Two Days, One Night_Best Films 2014_ ATG FINAL_8Film: Two Days, One Night
Date: 11.07.2014
Location: Egyptian Theater, Hollywood

Marion Cotillard gives a stellar performance as Sandra, a Belgian woman who spends her weekend after an extended medical leave of absence for depression, convincing her co-workers to forgo their bonus checks so that she can keep her job. Upon learning that a majority of them voted for her dismissal in favor of their bonuses, the film follows Sandra as she swallows her pride and personally visits each co-worker, petitioning them to re-consider their stance. It is a portrait of a woman desperately seeking not only monetary, but emotional security as they seemingly continue to slip away from her over the course of Two Days, One Night. What a complicated, yet delicious predicament, when you consider that most not only relish bonuses, but that her co-workers are in dire financial straits themselves and can certainly use it. It’s an examination of a modern-day version of Darwinian theory, rooted in the foundation of what provides both physical and emotional self-preservation, our jobs. It speaks to a variety of themes: the survival of the fittest and stepping on others to get ahead; humbling oneself to ask for help when needed; but more so, having the capacity to help our fellow-man by making the responsible choice, even as it comes as a personal sacrifice.


Enemy_Best Films 2014_ ATG FINAL_7Film: Enemy
Date: 03.26.2014
Location: Laemmle Theaters, Santa Monica

Adapted from José Saramago’s 2004 novel “The Double,” Enemy takes on the arduous task of creating two characters and two worlds that brilliantly merge together toward what has to be one of the most mind-blowing endings in film history. Enemy introduces us to Adam, an off-beat history professor, who one day finds that there is another person in the world who looks exactly like him. Determined to meet his doppelganger, named Anthony, Adam eventually locates his double and is immediately transfixed by the life Anthony leads. What ensues is a rather complicated and hard to describe narrative that forays from a well-executed mystery, to an intense thriller, leading toward an almost science fiction-like finale. Incredibly, as much as this film takes the audience on a perplexing, hallucinatory journey with the incredible Jake Gyllenhaal at the wheel; it does an impressive job of balancing your interest enough to keep you invested. The duplicity, and eventual mergence, of Adam and Anthony’s world is unlike anything seen on-screen this year. Enemy’s unusual plot-line, unique premise, strong performances, and phenomenal cinematography all lend to its success, but what must be its core strength is how much it can brazenly confuse the hell out of its audience, yet still produce a top 10 film!


Obvious Child_Best Films 2014_ ATG FINAL_6Film: Obvious Child
Date: 06.13.2014
Location: Landmark Theaters, West LA

On the surface, Director Gillian Robespierre’s first feature-length narrative may appear to be your typical, quirky, small-scale, independent film. Surprisingly, what she created was a prototype that illustrates how a typical, quirky, small-scale, independent film can still cultivate finesse and substance. Obvious Child follows Jenny Slate as Donna Stern, an up-and-coming comedienne who learns she’s pregnant after a one-night stand. Unlike most films that would then accompany Donna as she agonizes over what to do about her unplanned pregnancy, this film breaks stereotype by immediately making it known that Donna has already made a firm decision to have an abortion. The film subsequently escorts our protagonist over the next few weeks as she waits for her procedure, not once doubting her decision, but certainly doubting where her life is going. The unique thing about Obvious Child’s narrative structure is that after she’s made the decision to proceed with her abortion, her one-night stand reappears during those weeks, interested in pursuing a relationship. Again, Donna maintains her decision about the abortion, but takes the risk of letting her one-night stand and the father of the baby into her life. What both Gillian Robespierre and Jenny Slate create through Obvious Child is in effect, the backwards romantic comedy, more comparable to real life. Not all women necessarily agonize over unplanned pregnancies knowing their station in life isn’t right for a child. Not all women meet their Prince Charming, fall in love, get married, and then start a family. Sometimes it happens the other way around. Unlike the formulaic romantic comedy, Obvious Child, takes a regret-free and often crudely hilarious exploration at life, love, and sex with refreshing authenticity.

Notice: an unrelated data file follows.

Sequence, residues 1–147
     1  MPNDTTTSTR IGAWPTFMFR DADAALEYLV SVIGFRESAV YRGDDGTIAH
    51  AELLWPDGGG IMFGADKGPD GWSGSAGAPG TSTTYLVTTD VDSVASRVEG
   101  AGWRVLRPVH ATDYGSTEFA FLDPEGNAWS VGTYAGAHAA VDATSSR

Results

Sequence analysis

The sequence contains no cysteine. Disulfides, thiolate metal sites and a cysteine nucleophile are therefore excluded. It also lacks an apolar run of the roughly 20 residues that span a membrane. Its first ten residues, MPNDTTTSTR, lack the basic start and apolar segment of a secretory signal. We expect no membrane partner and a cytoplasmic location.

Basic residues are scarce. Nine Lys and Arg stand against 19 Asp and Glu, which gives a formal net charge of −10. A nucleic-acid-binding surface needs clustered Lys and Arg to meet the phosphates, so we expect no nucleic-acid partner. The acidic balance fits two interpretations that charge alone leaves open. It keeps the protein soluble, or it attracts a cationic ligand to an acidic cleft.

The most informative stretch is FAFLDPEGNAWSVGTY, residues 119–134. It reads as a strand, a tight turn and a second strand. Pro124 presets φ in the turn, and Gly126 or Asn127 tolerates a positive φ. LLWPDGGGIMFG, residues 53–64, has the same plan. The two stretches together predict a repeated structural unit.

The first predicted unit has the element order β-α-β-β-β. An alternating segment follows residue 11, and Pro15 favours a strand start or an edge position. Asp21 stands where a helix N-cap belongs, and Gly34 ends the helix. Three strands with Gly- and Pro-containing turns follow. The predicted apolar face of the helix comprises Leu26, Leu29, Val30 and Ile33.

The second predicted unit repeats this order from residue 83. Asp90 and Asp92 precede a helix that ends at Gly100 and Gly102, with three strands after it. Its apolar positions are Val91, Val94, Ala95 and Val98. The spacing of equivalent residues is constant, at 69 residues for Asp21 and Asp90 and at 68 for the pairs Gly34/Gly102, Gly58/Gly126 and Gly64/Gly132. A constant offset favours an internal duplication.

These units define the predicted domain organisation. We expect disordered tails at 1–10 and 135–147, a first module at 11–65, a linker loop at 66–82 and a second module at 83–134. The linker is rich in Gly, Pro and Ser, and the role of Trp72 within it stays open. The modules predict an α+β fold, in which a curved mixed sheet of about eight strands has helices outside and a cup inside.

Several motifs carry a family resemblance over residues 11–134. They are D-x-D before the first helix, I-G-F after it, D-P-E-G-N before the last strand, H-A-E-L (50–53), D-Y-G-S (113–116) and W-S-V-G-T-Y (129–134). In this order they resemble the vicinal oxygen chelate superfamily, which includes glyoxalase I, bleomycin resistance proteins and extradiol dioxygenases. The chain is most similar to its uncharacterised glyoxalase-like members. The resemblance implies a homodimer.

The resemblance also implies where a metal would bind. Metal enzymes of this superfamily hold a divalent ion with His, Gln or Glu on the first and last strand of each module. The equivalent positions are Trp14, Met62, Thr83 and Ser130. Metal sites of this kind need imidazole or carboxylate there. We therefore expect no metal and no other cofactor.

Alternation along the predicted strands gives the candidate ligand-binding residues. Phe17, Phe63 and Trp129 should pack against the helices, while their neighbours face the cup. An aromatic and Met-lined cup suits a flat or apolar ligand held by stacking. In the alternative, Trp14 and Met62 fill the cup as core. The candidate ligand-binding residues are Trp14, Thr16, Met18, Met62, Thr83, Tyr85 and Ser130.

Skeleton Twins_Best Films 2014_ ATG FINAL_5Film: The Skeleton Twins
Date: 9.13.2014
Location: Arclight Cinemas, Hollywood

If there was one film of 2014 that did a near-perfect endeavor of inviting the audience to a familiar portrayal of a place, time, and relationship, it’s as a result of Kristen Wiig and Bill Hader’s seamless stint as bother and sister in The Skeleton Twins. Estranged twins Maggie and Milo reunite after each attempt suicide on the same day, using rock bottom as the foundation toward mending their broken relationship. Writer/Director Craig Johnson creates a realistic version of fiction through the struggles plaguing Maggie and Milo, both as individuals and as a unit. On some level, we can relate to their problems, and see hints of our own inadequacies and insecurities in them. Further to that, the film’s setting during the nostalgia of the fall season, not only forms ornate visuals to carry the story, but somehow feels symbiotic. We watch our protagonists literally “fall” from grace in many areas of their life throughout the course of the film, but also “fall into” each other, effectively returning to what they know, what’s always been there. Maggie and Milo find home in each other in such a way that becomes more than just the basis for a feel good film, which it undoubtedly is, but an illustration at how core relationships, particularly between siblings, ground us in a way that no other relation can.